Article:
Lets make sure that the directory containing the installation media, which is in a none standard location (as far as Apache is concerned), has the correct SELinux permissions assigned to the folder structure.  The easiest way is to copy the existing SELinux contexts from the /var/www/html and here is the command to do that;

[bash][root@rhc-server ~]# cd /var/www/
[root@rhc-server www]# ll -Z
drwxr-xr-x. root root system_u:object_r:httpd_sys_script_exec_t:s0 cgi-bin
drwxr-xr-x. root root system_u:object_r:httpd_sys_content_t:s0 html
[root@rhc-server www]# chcon -R –reference=/var/www/html/ /software/centos7
[root@rhc-server www]# ll -Z /software/
drwxr-xr-x. root root system_u:object_r:httpd_sys_content_t:s0 centos7

As you can see we now have the right context associated with the centos7 directory, now we need to make sure the httpd.conf file is updated to present the centos7 directory and it’s contents to the outside world.

Rather than modifying the httpd.conf file itself it is recommended that you create your own .conf files in /etc/httpd/conf.d/ and these will be loaded after the initial httpd.conf file.  I created a single test files as follows;

[bash][toby@rhc-server ~]$ cat /etc/httpd/conf.d/software.conf
Alias "/centos7" "/software/centos7"

<Directory /software/centos7>
Options +Indexes

Order allow,deny
Allow from all
Require all granted

Screenshot showing successful directory listing from client machine of centos7 media
Screenshot showing successful directory listing from client machine of centos7 media

The Alias allows you to point to a directory which is outside of Apaches’ DocumentRoot, (typically set to /var/www/html).  The Directory block, contains two things of note.  First, for testing I have added the “Options +Indexes” so that when I try to connect from a web browser on my client machine, I can confirm that I can see the contents of the repository directory.  The second chunk of config, starting “Order all,deny…” is there so that Apache will allow connections to this none standard location.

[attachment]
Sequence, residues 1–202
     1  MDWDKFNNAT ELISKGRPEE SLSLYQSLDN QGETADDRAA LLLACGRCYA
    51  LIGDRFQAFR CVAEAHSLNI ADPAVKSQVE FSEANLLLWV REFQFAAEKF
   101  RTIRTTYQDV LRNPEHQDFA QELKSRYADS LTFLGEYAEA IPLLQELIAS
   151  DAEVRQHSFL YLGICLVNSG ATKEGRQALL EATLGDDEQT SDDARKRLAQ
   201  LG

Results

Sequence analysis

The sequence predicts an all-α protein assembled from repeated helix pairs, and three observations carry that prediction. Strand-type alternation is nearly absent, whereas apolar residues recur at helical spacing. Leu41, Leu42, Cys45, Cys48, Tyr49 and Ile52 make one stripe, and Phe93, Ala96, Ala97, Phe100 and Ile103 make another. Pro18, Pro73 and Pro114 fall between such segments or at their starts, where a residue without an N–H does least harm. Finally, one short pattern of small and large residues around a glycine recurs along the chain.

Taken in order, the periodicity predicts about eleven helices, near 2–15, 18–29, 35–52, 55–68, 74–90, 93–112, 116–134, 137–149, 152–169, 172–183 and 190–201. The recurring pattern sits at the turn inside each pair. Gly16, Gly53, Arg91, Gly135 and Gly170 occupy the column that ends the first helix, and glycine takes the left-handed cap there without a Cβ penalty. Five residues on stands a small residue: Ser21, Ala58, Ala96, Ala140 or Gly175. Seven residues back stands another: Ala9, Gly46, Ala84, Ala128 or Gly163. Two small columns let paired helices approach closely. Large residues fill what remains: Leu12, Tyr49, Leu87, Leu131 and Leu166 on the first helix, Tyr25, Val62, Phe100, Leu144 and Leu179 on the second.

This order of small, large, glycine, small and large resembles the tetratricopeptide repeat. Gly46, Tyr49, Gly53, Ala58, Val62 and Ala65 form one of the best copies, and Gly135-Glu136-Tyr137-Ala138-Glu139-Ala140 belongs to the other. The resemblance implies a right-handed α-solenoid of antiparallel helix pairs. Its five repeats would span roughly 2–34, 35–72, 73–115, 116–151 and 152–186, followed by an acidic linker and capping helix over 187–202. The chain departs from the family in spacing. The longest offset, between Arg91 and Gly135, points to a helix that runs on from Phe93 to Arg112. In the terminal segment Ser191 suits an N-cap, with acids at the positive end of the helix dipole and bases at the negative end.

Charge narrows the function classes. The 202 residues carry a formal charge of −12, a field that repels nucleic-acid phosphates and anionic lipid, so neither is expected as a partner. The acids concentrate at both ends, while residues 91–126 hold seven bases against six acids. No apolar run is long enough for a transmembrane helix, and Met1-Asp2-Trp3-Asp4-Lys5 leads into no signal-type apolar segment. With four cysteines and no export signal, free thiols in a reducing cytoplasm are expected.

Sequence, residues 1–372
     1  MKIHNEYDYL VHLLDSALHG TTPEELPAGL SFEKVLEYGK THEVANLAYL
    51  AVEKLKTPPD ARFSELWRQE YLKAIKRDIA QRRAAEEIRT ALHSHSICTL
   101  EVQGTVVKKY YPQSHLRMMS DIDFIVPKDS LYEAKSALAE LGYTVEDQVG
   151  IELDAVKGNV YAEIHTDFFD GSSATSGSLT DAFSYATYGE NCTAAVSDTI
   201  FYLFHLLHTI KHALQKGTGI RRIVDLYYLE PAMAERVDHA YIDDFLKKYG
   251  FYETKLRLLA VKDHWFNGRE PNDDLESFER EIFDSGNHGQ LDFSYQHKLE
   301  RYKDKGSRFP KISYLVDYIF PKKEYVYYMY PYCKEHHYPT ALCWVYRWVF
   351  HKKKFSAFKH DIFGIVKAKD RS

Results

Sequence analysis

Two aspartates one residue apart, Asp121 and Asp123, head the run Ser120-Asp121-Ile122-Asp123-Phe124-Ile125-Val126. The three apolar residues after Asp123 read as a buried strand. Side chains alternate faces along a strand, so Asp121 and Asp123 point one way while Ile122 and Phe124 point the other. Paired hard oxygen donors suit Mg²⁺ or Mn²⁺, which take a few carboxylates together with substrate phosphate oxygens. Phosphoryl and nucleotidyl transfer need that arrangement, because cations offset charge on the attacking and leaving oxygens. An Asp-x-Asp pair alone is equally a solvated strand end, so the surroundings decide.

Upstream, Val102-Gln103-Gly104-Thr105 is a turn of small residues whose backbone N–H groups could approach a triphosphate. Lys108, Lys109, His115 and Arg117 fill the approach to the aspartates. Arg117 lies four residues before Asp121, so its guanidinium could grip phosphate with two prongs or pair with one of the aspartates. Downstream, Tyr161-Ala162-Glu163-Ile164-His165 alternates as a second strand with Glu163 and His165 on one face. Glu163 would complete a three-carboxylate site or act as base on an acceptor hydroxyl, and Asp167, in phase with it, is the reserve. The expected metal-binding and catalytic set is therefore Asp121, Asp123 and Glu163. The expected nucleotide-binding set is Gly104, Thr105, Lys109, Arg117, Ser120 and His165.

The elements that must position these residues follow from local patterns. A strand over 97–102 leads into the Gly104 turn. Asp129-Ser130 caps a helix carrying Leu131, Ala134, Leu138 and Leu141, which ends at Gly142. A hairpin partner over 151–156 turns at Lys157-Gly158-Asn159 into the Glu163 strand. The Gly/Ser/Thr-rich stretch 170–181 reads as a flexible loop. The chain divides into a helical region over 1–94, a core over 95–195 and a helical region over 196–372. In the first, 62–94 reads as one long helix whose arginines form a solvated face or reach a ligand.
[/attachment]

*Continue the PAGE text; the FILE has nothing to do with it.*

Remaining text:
One thing I did have to do, that I haven’t stated above is allow HTTP connections through the firewall.

This was accomplished by way of a simple one liner;

[bash][toby@rhc-server ~]$ sudo firewall-cmd –zone=public –add-service=http[/bash]

Note.  To make this new firewall rule permanent you need to use the “–permanent” firewall-cmd option on the command line.  I added this afterwards once I was happy that everything was working.

Configuring a yum .repo file to access the centralised software repository

This is very similar in the steps taken when I setup the local yum repository.  The only difference this time will be that I’ll give it a more meaningful name and the file location will be a http:// address rather that a file:///.

So here is what I have put together;

[text][root@rhc-client yum.repos.d]# cat CentOS-lab-Media.repo

And then, as the saying goes, the proof is in the pudding;

[bash][root@rhc-client yum.repos.d]# yum repolist
Loaded plugins: fastestmirror, langpacks
Repository ‘th_lab_server’ is missing name in configuration, using id
th_lab_server                                                                                                        | 3.6 kB  00:00:00     
(1/2): th_lab_server/group_gz                                                                                        | 157 kB  00:00:00     
(2/2): th_lab_server/primary_db                                                                                      | 4.9 MB  00:00:00     
Loading mirror speeds from cached hostfile
repo id                                                            repo name                                                          status